… the recent explosive growth in the [affiliate marketing] industry is propelling us toward a crisis point, one that has massive ramifications for consumers. This is a crisis that the FTC seems ill-equipped to deal with. The agency has issued guidelines on disclosures, writing that “if there’s a connection between an endorser and the marketer that consumers would not expect and it would affect how consumers evaluate the endorsement, that connection should be disclosed.” And to be fair, it has taken a few concrete steps to curb this kind of behavior, sending letters warning of violations and even taking legal action against bad actors.
But publishers of all shapes and sizes are flouting this rule. A study from Princeton University found that 90 percent of YouTube and Pinterest accounts that use affiliate marketing don’t include a disclosure. Presumably, many of these influencers aren’t even aware they’re engaging in blackhat practices, and would even argue that they would endorse these products regardless if there were affiliate links attached.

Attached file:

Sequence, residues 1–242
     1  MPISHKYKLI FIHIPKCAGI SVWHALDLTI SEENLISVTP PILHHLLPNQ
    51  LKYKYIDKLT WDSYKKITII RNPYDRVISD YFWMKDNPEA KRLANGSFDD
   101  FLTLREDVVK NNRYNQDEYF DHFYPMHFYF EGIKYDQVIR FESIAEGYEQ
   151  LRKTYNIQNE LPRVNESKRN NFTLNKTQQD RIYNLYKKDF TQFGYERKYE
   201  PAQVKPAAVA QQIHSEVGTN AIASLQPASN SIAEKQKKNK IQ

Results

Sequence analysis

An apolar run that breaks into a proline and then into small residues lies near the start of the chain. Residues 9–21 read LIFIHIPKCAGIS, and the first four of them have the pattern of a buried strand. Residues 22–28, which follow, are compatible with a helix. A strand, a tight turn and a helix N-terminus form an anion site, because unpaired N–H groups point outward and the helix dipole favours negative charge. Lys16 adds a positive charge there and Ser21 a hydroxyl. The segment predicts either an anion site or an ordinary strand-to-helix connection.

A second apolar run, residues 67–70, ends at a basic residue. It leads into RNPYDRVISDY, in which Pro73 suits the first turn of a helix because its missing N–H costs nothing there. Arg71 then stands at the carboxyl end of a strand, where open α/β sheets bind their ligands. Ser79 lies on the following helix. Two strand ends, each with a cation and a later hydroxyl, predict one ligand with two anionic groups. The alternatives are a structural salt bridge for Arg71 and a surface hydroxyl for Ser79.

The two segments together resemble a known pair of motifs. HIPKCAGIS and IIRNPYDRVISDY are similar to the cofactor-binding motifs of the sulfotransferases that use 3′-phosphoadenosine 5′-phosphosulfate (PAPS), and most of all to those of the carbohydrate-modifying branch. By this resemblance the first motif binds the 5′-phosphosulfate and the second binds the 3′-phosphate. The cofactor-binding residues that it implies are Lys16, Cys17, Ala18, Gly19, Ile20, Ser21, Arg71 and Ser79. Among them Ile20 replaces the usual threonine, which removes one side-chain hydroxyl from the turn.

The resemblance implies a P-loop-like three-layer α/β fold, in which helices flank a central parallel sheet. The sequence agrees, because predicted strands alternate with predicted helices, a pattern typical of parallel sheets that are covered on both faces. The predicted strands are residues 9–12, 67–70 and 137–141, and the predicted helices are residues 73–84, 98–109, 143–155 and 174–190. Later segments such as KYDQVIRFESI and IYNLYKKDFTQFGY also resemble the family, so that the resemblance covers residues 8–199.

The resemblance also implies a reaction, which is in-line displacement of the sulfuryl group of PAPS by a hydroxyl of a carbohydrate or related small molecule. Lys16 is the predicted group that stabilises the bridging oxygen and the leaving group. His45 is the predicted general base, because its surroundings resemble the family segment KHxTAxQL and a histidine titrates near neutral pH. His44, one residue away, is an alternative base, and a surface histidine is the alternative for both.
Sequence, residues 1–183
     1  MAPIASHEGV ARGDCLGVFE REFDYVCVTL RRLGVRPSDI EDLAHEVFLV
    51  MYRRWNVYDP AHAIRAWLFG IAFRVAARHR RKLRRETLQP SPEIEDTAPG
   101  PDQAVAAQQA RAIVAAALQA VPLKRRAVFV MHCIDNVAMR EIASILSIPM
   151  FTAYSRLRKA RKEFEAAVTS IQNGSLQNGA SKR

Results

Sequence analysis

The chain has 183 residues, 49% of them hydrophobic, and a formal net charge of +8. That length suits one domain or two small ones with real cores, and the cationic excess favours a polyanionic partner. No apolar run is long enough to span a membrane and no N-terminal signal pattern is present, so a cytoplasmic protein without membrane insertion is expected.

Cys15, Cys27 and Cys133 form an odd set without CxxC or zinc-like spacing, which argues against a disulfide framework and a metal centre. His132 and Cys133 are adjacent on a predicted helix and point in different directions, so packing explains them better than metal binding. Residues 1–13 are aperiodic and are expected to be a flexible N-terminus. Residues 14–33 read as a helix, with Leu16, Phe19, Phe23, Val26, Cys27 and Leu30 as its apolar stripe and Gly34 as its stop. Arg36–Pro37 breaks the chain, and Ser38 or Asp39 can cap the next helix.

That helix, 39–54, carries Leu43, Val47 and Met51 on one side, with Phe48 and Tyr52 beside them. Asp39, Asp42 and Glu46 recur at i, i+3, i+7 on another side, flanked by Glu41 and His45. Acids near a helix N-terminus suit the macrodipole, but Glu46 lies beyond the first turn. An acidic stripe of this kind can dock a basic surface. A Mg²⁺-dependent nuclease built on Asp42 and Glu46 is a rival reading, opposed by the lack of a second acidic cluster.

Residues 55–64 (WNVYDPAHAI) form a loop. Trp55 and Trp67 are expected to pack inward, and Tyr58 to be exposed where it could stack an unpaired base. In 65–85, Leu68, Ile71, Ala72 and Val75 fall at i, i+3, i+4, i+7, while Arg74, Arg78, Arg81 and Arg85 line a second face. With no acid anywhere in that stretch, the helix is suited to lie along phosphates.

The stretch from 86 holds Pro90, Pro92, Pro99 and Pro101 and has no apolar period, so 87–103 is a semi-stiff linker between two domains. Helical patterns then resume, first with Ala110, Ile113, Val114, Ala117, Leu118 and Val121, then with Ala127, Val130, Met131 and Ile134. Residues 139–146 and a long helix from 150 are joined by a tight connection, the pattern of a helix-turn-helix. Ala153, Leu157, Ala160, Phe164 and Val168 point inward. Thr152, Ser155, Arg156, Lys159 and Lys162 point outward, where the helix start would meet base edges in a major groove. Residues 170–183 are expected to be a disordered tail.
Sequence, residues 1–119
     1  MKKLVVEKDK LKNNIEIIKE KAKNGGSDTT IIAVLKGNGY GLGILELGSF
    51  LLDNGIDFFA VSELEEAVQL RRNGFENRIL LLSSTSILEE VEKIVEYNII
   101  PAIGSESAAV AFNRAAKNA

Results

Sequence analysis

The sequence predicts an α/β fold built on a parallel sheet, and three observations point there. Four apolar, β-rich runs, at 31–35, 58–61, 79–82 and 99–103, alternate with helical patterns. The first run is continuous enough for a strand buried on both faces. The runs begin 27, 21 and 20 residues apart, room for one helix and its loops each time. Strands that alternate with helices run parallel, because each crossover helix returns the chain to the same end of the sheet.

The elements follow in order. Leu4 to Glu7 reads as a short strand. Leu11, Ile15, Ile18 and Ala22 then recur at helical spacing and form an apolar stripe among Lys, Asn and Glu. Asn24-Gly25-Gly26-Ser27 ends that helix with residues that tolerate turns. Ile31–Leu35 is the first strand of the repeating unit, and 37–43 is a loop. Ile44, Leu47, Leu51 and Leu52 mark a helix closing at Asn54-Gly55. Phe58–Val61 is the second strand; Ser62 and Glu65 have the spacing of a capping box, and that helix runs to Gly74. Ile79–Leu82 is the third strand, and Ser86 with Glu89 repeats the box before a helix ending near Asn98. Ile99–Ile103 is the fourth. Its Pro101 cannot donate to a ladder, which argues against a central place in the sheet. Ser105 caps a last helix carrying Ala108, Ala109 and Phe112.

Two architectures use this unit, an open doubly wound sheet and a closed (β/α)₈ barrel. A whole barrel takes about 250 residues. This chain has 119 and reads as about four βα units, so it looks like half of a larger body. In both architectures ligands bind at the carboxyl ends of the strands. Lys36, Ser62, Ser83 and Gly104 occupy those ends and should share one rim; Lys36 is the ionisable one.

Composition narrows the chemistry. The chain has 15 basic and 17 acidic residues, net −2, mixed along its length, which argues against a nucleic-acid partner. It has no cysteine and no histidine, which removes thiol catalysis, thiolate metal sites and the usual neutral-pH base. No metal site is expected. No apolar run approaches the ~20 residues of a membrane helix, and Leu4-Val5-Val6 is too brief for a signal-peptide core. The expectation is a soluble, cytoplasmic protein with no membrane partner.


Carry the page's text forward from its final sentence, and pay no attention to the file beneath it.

. . .
… as more and more publishers and influencers get in on the affiliate game, ethical lapses will only permeate, and this growing trend, over time, will erode consumer trust … if the tech community — from platforms to e-retailer sites — doesn’t establish and enforce stricter standards in the future, then nobody can argue that they won’t deserve the consumer and regulatory backlash that’s waiting for them on the horizon.